The predictions so far as to what chips will find their way into the first Macs with Intel Inside have been based on what’s known about current and future products. But that information appears poised for a huge change, and it’s a change that may provide a significant clue as to one of the main reasons Apple is making the switch.
According to published reports, Intel is unveiling its “next generation” chip architecture” later this month at a San Francisco-based meeting involving technology developers. The new chips are reportedly based on the Pentium M, Intel’s note-book processor, which has been highly praised for its ability to deliver good performance, yet run cool and provide great battery life. The key here is power efficiency, and that’s a point emphasized by Steve Jobs at his June keynote address when explaining why Apple is casting its lot with Intel.
It’s important to note that the new chip design is expected to make its debut in the second half of 2006, which just happens to be around the time the first Macintels are due to appear. The new chips, by the way, will also have multiple cores, meaning they will have more than one processing engine. Imagine a PowerBook with a dual-core Pentium that not only runs much faster than today’s G4-based versions, yet delivers battery life of six hours or more?
In making the move, Intel is clearly abandoning its Netburst architecture, used on the Pentium 4, which was based on getting faster performance simply by increasing processor frequency. Today’s fastest Pentium 4 tops out at 3.8GHz and, along the way, Intel confronted bottlenecks in the chip’s design. The higher clock speeds failed to deliver the expected performance boosts and consumed more power and ran hotter.
Despite IBM’s recent promise of a forthcoming low-power version of the PowerPC 970, the chip known as the G5 on Power Macs, the 970 has been a difficult beast to tame. The top-of-the-line dual 2.7GHz Power Mac has a sophisticated cooling scheme that employs liquid cooling. I’m not about to address concerns over the longevity of the cooling system. Just the fact it’s needed is an indictment against the efficiency of the chip. You’ll also note that the report about a dual-core version limits speed claims to just 2.5GHz, which puts Apple even farther away from delivering on its original promise of 3GHz.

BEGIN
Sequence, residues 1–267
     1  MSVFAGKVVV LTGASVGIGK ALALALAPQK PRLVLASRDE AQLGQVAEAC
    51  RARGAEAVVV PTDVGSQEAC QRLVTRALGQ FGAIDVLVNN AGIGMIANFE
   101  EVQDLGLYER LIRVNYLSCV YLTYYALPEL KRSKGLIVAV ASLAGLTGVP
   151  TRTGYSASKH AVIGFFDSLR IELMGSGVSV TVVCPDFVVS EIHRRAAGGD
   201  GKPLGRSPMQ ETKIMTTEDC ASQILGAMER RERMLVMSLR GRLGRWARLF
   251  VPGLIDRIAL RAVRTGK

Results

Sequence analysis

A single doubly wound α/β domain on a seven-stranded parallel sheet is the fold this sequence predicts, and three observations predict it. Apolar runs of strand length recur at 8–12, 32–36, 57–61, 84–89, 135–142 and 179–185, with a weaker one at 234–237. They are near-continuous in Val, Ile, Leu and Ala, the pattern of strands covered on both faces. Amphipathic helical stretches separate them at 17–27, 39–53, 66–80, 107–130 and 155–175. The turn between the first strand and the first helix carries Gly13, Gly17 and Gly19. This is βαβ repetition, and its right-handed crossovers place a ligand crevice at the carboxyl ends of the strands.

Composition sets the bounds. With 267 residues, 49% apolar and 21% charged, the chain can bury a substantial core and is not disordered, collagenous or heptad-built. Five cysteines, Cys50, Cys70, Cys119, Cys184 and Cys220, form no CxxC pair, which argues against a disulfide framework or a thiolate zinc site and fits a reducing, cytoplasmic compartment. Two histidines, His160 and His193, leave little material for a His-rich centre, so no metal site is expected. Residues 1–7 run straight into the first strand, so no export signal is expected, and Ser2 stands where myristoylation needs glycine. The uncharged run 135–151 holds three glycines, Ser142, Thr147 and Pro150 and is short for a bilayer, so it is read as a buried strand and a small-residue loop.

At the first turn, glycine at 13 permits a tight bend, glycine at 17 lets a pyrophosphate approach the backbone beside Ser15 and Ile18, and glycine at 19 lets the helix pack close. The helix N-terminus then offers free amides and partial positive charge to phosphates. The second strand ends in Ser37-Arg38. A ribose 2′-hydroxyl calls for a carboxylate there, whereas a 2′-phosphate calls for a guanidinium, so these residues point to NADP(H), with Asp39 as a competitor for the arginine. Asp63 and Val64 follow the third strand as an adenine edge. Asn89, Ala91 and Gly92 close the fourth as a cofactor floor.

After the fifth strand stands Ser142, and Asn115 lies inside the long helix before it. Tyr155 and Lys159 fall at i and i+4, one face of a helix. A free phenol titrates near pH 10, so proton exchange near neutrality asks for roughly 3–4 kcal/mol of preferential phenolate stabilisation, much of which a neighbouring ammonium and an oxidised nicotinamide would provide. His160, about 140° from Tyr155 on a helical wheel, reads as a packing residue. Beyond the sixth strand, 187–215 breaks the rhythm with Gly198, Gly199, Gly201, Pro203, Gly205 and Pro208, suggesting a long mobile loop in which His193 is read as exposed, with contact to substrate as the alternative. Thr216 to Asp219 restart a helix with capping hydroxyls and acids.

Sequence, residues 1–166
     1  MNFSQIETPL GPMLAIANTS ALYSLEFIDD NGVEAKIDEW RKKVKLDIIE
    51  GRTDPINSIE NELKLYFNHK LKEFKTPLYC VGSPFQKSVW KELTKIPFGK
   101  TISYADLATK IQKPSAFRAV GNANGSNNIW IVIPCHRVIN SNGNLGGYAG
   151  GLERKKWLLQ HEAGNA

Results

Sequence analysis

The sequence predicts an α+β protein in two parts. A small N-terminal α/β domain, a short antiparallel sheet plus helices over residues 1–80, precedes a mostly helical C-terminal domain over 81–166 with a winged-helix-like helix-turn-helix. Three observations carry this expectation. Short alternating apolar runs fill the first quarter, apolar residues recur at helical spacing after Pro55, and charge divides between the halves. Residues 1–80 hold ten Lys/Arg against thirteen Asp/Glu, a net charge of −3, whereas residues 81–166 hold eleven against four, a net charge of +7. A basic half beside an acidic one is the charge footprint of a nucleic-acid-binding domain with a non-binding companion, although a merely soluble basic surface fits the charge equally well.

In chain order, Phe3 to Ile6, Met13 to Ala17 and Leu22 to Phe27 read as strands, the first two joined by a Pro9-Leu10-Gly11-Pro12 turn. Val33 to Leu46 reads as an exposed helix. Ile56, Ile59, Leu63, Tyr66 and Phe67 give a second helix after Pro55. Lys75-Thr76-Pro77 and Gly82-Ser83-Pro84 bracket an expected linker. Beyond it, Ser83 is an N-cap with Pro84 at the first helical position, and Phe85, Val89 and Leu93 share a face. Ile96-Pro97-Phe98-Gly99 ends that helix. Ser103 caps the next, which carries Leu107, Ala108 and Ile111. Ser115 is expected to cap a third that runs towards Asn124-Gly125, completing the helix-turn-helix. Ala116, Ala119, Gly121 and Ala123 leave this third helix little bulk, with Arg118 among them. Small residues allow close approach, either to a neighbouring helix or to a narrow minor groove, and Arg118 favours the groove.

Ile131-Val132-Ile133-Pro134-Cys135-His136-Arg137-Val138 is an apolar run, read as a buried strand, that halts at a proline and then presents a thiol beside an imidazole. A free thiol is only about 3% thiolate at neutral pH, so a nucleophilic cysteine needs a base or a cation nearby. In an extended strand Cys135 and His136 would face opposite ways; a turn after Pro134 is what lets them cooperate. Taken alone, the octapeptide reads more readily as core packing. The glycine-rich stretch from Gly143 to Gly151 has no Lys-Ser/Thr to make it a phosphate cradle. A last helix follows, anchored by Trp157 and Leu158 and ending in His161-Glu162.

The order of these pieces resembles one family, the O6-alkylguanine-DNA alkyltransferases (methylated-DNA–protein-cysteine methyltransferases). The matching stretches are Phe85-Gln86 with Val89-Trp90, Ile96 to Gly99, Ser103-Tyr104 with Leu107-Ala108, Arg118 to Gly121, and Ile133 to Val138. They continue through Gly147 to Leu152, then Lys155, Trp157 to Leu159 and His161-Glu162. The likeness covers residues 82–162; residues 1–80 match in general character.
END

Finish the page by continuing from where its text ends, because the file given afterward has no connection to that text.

Despite the latest news from Intel, you can expect that the skeptics who don’t believe anything Steve Jobs says will find reason to search for still more conspiracy theories. Besides, it makes for good copy and keeps an issue alive that would otherwise vanish off the map. After all, it’s summer. There are no new Macs to talk about, the Mighty Mouse will soon be yesterday’s news, so might as well rely on a little sensationalism to keep the hit counts high, right?
Rather than speculate any further about the new chips, I’ll just sit back and wait for Intel’s upcoming meeting, and see just how they flesh out the design and possible future chip configurations. Then you and I will be able to engage in some meaningful discussion as to just how the first Macintels may be configured.
But I will continue to stick with the conventional wisdom that the first of those Macintels will be PowerBooks and iBooks. Right now, Apple’s laptop designs are stalled. Yes, perhaps there will be a new model or two with a faster G4, but I wouldn’t expect the changes to be drastic. One hopes it’ll be enough to goose sales for the fall, in time for the holiday shopping season.
My fastest PowerBook is a 1.5GHz version. It still performs quite credibly, and I see no compelling reason to dump it for a minor speed bump or two. But if you don’t have an Apple laptop or the one you have is getting long in the tooth, I wouldn’t suggest you wait for the first Macintel. Yes, it may smoke today’s PowerBook in terms of performance and battery life. At the same time, the first version of anything tends to be buggy, and if you don’t want to be on the cutting edge, it may be a better idea to buy something from Apple’s existing product line, or whatever it’ll produce over the next few months.
Apple’s 2005 laptop line is true and true, based on tested designs. The most significant production bugs are pretty much history by now, and if you need a solid laptop for mission critical work, an iBook or PowerBook would be a terrific choice.
As for myself, I’ll stick with my PowerBook and await with interest what the Macintel generation will bring.